Where is your favorite place to buy fabric for boys? 

When I sew for my boy, I tend to sew a lot of knits.  I joined the Fabric Dealers Facebook group this year and I think that is where I find a lot of my boy fabrics.  I also love Peekaboo Patterns lines of knit fabrics also.  Perfect for tees and tops.  For woven fabrics, I’ll get a little all over the place.



 Who are you favorite boy pattern designers? 

Well, if I didn’t say myself I would be lying.  So GYCT Designs is my favorite, only because I make designs especially for my son and daughter.  But I also love Peekaboo Patterns, Scientific Seamstress, and EYMM.  I am always up for trying out a new designer if they have a pattern that I like.




What are your favorite sewing with boy resource? 

I LOVE blogs.  I started GYCT Designs 4 years ago, which is crazy.  I blogged a little back then, but I followed a lot of really great sewing blogs.  MADE is one of my favorites.  Homemade by Jill has fun projects, she doesn’t blog anymore but her projects are still available.  Some others like Made by Rae, Peekaboo Patterns and Crazy Little Projects.  But there are so many it is really hard to choose.  Each site is great for so much inspiration.  Now that I blog more regularly, it pushes me to think outside the box and try new boy projects.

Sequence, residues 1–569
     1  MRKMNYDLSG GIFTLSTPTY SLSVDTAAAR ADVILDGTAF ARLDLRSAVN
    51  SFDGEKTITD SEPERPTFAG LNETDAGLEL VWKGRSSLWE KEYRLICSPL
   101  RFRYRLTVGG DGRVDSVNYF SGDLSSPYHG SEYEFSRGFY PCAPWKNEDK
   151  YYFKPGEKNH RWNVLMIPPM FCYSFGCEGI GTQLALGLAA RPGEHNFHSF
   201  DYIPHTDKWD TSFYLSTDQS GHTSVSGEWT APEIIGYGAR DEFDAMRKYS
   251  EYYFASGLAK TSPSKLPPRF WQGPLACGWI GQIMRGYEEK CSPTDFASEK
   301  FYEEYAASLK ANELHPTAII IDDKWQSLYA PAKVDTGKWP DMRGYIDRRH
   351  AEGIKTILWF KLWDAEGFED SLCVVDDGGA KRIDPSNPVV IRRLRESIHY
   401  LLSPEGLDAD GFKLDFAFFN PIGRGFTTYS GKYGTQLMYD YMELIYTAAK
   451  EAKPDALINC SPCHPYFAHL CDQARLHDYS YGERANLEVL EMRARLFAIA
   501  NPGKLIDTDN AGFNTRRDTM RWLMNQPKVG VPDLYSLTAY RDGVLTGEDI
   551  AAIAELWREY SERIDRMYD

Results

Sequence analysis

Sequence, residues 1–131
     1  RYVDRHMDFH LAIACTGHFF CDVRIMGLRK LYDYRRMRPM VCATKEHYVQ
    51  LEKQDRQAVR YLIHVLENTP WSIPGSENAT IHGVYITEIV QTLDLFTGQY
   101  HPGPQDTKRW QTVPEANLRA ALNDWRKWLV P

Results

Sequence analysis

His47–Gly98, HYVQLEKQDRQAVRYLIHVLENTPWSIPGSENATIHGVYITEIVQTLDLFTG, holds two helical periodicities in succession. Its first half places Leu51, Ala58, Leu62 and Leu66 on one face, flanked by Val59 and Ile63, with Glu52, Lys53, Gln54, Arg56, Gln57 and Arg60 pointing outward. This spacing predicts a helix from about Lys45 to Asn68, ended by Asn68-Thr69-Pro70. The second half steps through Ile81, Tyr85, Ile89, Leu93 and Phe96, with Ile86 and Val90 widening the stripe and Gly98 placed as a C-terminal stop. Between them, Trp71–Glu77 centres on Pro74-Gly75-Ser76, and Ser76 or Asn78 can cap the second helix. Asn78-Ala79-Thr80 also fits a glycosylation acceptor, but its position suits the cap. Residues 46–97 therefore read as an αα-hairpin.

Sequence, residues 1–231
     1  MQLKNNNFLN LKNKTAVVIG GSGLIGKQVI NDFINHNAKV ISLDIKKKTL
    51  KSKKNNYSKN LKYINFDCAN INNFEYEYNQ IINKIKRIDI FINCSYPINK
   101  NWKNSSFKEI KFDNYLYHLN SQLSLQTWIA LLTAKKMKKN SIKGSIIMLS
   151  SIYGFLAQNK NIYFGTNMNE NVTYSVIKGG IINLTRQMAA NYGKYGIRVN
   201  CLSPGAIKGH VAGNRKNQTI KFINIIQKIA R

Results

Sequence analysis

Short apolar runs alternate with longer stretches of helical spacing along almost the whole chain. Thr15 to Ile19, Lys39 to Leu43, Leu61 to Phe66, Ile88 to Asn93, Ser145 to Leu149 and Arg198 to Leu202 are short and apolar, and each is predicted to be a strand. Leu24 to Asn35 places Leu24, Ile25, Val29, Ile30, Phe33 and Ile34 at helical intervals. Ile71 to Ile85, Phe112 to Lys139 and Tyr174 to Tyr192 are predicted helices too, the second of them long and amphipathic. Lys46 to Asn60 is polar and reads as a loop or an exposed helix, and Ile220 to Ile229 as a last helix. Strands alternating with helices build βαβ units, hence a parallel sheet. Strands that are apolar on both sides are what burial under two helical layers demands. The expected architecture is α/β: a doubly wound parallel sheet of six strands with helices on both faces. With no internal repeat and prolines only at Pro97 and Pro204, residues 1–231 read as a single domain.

Do you sew with the boys in your life? If so, what do you make with them? 

My son is just starting to be interested.  Mostly at this point he likes to choose fabrics and decide on a pattern.  I am sure he will want to learn and I am happy to teach him.  Even if he only ever makes a pillowcase, he will know how to operate a machine.  When I taught high school, my students, male and female, all made pillowcases, pajama pants, drawstring bags, some made recycling projects.  We did tons of projects and most of them really enjoyed it.